In Praise Of Jeffro Johnson

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I’ve been writing for a little more than a decade, and seriously since about 2012-2013, but it wasn’t until I started reading Jeffro’s posts on the Hugo nominated Castalia House blog and his Appednix N book that something clicked in me.

It’s because of him I shifted my reading habits from the modern sci-fi political drivel to Edgar Rice Burroughs, Poul Anderson and Leigh Brackett. I would have never discovered this past full of wonder, where these authors reached for the stars and dreamed rather than dug their heels into the earth and tried to make a grittier, hellish  version of now.

He showed me what science fiction and fantasy can be.

Now you might think I’m overstating it, but it’s really incredible just how much the genre has transformed in the last three decades or so, and not for the better. I highly recommend searching his Castalia House posts at the very least and I also recommend every writer read Appendix N, his literary criticism of Dungeons and Dragons. It’s really brilliant and opened my eyes.

My writing changed because of it, and not just in a way where I consciously decided to draft things a different way. Old fiction was all about fun and wonder, and so when a writer approaches a book like that, it becomes more fun to write — it’s made me more productive in my habits just cuz I’m enjoying the process more. I don’t worry about realism now, I’ve realized that’s a dumb thing to strive for in science fiction,  I only worry about creating an exciting vision. It helps me cut down on slow points in the process, these revelations have done wonders for me personally.  And I know I’m not the only one.

Today I learned Jeffro will be stepping down from the Castalia House blog, a blog which has become daily reading for me because of him and the other great authors there. It makes me sad because this is the end of an era. I really hope he’ll continue to at least write occasionally so we get his insights. I’m going to miss him a lot in this capacity and I know others will as well.

I trust that Morgan Holmes will do an excellent job, and will also keep Jeffro’s vision in mind. But I wanted to dedicate this blog to Jeffro’s hard work over the last couple of years all the same. Thank you again, Jeffro. I hope you won’t be a stranger around these parts!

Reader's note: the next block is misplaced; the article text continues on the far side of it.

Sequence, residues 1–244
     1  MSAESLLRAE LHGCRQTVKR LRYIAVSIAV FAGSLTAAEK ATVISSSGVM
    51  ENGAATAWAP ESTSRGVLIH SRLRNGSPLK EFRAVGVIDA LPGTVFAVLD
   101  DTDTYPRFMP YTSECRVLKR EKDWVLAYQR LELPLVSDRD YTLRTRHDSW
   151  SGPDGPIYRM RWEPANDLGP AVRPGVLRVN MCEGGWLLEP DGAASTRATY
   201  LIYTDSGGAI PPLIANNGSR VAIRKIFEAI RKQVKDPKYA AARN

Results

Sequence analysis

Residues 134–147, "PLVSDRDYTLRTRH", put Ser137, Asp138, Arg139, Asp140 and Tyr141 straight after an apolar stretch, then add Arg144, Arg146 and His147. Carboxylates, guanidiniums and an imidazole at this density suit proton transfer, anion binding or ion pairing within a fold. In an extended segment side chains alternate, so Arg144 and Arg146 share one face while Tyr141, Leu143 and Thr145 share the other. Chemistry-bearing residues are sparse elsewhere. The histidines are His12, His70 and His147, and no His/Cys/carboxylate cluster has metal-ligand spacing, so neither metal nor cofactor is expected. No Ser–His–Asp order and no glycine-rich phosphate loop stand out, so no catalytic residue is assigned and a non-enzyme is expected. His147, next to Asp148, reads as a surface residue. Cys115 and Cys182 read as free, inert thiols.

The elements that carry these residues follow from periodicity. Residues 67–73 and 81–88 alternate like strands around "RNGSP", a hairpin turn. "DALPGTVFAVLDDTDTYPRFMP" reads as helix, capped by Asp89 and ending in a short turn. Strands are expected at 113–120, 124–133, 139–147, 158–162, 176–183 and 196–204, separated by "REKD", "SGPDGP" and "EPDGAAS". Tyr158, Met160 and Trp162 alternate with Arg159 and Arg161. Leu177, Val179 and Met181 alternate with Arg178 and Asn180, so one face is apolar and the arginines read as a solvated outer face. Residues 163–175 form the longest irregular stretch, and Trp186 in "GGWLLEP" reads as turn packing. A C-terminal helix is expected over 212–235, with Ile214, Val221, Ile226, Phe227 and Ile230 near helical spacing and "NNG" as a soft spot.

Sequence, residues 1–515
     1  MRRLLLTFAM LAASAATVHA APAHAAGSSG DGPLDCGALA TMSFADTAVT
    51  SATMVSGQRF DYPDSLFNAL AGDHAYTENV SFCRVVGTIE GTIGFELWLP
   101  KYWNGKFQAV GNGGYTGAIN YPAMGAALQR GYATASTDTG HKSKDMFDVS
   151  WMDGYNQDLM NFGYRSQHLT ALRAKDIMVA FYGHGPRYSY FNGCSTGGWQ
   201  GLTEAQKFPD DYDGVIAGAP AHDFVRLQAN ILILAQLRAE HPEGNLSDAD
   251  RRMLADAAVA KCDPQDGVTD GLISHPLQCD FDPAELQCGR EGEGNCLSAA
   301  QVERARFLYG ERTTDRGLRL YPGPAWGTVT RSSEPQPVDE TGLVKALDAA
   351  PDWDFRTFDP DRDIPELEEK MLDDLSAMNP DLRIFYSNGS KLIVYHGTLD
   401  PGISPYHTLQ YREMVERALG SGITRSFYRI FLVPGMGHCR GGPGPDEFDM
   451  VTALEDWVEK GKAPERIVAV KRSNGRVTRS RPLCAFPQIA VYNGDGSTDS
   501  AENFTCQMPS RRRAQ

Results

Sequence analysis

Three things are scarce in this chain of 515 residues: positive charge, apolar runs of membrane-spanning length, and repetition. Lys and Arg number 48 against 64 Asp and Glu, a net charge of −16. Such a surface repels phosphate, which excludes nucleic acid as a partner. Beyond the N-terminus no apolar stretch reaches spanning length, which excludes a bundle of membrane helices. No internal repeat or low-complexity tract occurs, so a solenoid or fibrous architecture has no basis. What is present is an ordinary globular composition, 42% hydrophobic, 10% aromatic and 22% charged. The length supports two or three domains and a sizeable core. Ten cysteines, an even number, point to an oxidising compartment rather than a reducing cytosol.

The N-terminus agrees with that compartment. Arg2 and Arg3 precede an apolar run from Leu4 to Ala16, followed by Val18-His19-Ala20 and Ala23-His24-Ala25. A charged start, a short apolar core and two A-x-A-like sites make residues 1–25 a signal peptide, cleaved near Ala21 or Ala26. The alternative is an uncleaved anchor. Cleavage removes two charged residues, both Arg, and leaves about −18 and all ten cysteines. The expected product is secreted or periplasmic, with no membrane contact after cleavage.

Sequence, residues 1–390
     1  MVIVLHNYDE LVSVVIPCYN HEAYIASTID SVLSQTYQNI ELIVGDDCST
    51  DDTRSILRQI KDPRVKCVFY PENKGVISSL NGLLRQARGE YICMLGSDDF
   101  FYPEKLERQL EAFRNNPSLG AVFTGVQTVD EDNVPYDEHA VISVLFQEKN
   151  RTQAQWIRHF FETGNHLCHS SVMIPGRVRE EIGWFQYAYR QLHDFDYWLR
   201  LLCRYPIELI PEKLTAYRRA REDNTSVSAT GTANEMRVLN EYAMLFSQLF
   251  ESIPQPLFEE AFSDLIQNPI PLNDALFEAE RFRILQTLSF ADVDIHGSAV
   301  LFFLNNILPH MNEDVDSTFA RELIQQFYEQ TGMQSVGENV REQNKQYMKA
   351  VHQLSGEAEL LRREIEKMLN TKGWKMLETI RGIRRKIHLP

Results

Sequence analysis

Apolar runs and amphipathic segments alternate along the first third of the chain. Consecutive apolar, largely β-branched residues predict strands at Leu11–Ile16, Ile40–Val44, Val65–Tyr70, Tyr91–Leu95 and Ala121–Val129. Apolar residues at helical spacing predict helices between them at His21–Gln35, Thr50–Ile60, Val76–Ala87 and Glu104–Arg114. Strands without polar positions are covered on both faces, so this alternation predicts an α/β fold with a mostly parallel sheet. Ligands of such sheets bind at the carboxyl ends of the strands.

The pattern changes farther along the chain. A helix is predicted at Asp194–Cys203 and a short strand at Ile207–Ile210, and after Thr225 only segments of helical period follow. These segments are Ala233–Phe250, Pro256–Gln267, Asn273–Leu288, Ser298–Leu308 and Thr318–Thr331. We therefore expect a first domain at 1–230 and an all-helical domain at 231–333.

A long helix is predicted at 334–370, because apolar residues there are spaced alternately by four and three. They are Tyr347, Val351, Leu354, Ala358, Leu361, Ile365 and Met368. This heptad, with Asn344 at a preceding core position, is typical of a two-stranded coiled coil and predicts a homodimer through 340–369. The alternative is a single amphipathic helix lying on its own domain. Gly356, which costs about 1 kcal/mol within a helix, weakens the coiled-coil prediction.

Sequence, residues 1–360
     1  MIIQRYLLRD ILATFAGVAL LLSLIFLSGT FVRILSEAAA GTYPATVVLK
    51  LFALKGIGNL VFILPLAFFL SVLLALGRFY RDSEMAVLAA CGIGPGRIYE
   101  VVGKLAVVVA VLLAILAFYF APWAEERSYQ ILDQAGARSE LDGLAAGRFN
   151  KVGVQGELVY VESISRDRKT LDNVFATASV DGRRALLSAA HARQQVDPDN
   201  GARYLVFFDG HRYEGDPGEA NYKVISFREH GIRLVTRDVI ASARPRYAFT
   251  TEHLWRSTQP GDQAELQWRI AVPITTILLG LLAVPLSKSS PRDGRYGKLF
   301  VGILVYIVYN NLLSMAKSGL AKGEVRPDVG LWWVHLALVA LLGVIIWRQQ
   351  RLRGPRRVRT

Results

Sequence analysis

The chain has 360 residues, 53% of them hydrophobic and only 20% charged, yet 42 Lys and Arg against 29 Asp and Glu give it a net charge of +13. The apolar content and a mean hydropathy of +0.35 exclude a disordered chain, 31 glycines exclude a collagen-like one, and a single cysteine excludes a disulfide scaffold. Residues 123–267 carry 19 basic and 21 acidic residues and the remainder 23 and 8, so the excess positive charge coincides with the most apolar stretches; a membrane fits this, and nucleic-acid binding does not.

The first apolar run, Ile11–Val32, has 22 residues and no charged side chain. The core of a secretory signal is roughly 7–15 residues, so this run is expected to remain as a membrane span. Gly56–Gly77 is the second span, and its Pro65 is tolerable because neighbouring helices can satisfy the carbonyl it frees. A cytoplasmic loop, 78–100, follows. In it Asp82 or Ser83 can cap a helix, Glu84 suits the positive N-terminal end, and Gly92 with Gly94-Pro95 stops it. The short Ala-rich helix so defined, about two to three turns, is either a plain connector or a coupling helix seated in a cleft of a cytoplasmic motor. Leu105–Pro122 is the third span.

If you love Appendix N, the first story I wrote since discovering it was published this summer. You can find it here and see a marked difference in how I come at fiction. 

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19 thoughts on “In Praise Of Jeffro Johnson

  1. “I would have never discovered this past full of wonder”

    Just out of curisotiy, how old are you? I’m Gen-X and I read all that stuff in Middle and High School. Having been exposed to it previously, I look at the “gritty” stuff as a welcome change. Looking forward to the next change. No reason to go backwards. Don’t want to read the same stuff over and over.

    To Rich: if you are reading (and I know you are!), the answer to your question is Fried Shrimp, but I made them myself. Now, my question to you, how many restraining orders do you currently have in force against you?

  2. Ryan
    I’m Gen X too. However, there are a lot of books I haven’t read or heard about until recently. The reason is because I’m not Anglophone and I lived in a non English speaking part of North America. So my literary traditions are more European and Latin.
    So I didn’t read or have those books because no one in my family knew about them so I wasn’t familiar with most of the books.

    • I can see that. I also had the benefit of having a friend with a cool older sister with what amounted to a Sci-Fi / Fantasy Section from a Mall Bookstore in her room.

      • So, in other words, you had someone with specialized knowledge introduce you to those titles and authors. You had an “in”.

        But, you’ll make snarky condescending comments to people that didn’t have that person introduce them early on. So, when Jon praises Jeffro, you just can’t fight the urge to be a d-bag.

        Good to know.

          • Lol! Reading is fundamental Ryan. Note: I wrote of the individual (your friend’s cool older sister) not the size of her book collection.

            In other words Ryan (and I’ll write this slow for you): You…had…someone…to…guide…you. By…your…own…admission…you…undermine…your…condescending…dismissal…of…Jon’s…comments.

            Bargain Basement Troll strikes again!

          • You are assuming we didn’t just pick and choose. If she was actually a “guide” with my reading interests in mind, she wouldn’t have let me pick Heinlein’s Friday solely because of the cover art.

  3. Ryan, do you even read your comments and responses? Do you check them to see if they make coherent sentences or are germane to the topic at hand?

    Is Toothprick Pete doing that old gag where he stands behind you and you crazy kids pretend his hands are your hands? And he can’t even see what he’s typing? That gag always makes me laugh.

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